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Holds are procedures that ATC uses to help delay traffic (if necessary for weather or other reasons) or to help ensure spacing between aircraft.Holds are racetrack shaped patterns anchored over a navigation fix. This point is called the holding fix. The holding fix can be any point identifiable using radio navigation: over a VOR, an NDB, a GPS waypoint, an intersection, or a DME point off of a radial are some examples.The pattern is flown by having the aircraft head towards the navigation fix tracking a heading, bearing, or radial specified by ATC. This is called the inbound leg. Immediately passing the holding fix, the aircraft then makes a 180 degree, standard rate turn (usually to the right) to head outbound on a reciprocol heading. This leg is called the outbound leg. The outbound leg is flown either for a certain amount of time or a specific DME distance, at which point the aircraft again makes a 180 degree, standard rate turn in the same direction to intercept the inbound radial, course or bearing.A standard rate turn is a turn where heading changes at a rate of 3 degrees per second. In aircraft equipped with a turn coordinator we can tell a standard rate turn when the tip of the minature aircaft is aligned with the white index mark. In high performance aircraft, turning at 3 degrees per second would require a steep bank angle, so standard rate turns are somewhat less. High performance aircaft such as jets make standard rate turns at 30 degrees of bank, or in aircraft equipped with a flight director whatever angle the flight director commands.Viewed from above, the holding pattern looks like a racetrack pattern. If turns are made to the right, then side to the right of the aircraft as the airplane tracks inbound to the holding fix is called the holding side. The side opposite the holding side is called the non-holding side. Obstacle clearance on the holding side is guaranteed when ATC gives a holding clearance to an aircraft. Obstacle clearance is not guaranteed on the non-holding side.ATC uses holds to delay traffic, so the pilot flys holds in a way that kills time. This means that aircraft fly holds at speeds below typical cruise speeds. The maximum allowable speed in a hold varies with the altitude at which the hold is being flown. From the minimum enroute altitude (MEA) up to 6000' MSL, the maximum speed in a hold is 200 KIAS. From 6000 to 14000 MSL the maximum speed is 230 KIAS and greater than 14000 MSL the maximum speed is 265 KIAS. In some cases a published hold (that is a hold depicted on a low altitude enroute chart or an approach plate) will specify a different maximum holding airspeed. A C-172 will fly a holding pattern at 90 KIAS, for example. The pilot slows to holding speed approximately 3 miles before crossing the holding fix.The outbound leg, if timed, can vary in duration. The pilot adjusts the duration of the outbound leg, correcting for wind, in such a way that the inbound leg is one minute in duration. Inbound legs are one minute in duration if the altitude is between MEA and 14000 MSL; holding legs are 1.5 minutes in duration at altitudes above 14000 MSL.Holding clearances issued by ATC contain all of the information a pilot needs to know in order to be able to enter and fly the hold as requested. Clearances follow the following pattern: Location | Fix | Holding course -------------------------------------------------------- Leg time/altitude | Turn direction | Expect Frthr ClrncExample: ATC will say this:"...Cessna 1234, hold east of Calverton VOR on the 090 radial, 1 minute leg, left turn, expect further clearance 10 minutes after the hour, time now 5 minutes after the hour"The holding fix is the calverton VOR (CCC). The inbound leg is 090 radial. That means that, on the inbound leg, the airplane would be flying a course of 270 towards CCC tracking the 090 radial. The outbound leg is the reciprocol heading, or 090. The duration of the outbound leg is adjusted so that the inbound leg is one minute in duration. Turns are made to the left in this example - that means the holding side, the area where obstacle clearance is guaranteed, is just off to the left of the aircraft. Finally expect further clearance is a critical component of the holding clearance - this tells the pilot that he/she should expect some additional communication for ATC at that time - if none is received, there may be a loss of communications and the pilot may need to execute procedures for flying IFR without radio communication. Some information in a clearance is omitted - for example, the duration may be omitted from the clearance, and if so that means the pilot flys one minute legs. If the turn direction is omitted from the clearance, then right turns are required. - End of part I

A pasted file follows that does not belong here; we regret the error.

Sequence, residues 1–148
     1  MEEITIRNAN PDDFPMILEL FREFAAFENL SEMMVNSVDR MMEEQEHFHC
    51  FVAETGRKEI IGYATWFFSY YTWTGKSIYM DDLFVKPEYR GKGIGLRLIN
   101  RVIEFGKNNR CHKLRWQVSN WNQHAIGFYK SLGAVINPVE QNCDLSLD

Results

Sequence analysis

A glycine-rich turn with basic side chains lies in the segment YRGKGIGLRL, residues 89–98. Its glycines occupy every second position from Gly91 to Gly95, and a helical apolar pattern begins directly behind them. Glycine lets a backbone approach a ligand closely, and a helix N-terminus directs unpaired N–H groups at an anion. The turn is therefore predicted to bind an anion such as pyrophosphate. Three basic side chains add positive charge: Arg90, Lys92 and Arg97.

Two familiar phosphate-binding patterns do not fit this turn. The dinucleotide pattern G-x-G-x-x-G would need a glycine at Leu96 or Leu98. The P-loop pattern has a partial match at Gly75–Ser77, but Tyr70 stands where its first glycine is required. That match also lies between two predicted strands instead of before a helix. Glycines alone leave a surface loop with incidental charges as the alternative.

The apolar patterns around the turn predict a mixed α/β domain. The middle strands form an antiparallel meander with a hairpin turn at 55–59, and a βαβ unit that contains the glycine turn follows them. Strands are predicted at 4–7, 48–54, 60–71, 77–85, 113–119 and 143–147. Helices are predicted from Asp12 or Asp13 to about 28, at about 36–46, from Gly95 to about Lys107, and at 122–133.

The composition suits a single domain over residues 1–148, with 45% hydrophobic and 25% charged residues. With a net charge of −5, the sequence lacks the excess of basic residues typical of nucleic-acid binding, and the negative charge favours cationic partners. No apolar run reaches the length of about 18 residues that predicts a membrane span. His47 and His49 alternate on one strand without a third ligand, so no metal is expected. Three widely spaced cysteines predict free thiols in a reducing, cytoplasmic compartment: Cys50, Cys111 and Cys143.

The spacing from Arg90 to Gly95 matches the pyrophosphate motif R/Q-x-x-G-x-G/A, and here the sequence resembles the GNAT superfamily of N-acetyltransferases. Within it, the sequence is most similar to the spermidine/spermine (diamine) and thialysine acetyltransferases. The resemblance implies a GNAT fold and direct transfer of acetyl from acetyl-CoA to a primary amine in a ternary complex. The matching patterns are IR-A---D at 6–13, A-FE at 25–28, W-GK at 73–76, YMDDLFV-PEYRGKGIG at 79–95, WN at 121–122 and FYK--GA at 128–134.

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What a great response- I have printed it out and am waiting patiently for any other parts you may post! Thanks.Andy.

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Hi,Thank you everyone,what can I say? I never expected such a detailed response, once I have digested all the information I should have no qualms about flying a Holding Pattern.Special thanks to Rudi and Don; I'm looking forward to the rest of Rudi's Document. The link from Don to the Tutorial named Hold It! by Hal Stoen is brillient, his style of writing kept my attention so I was sorry to get to the final page. Good reading for anyone, even if you are not interested in Holding Patterns.:)KenSomerset, England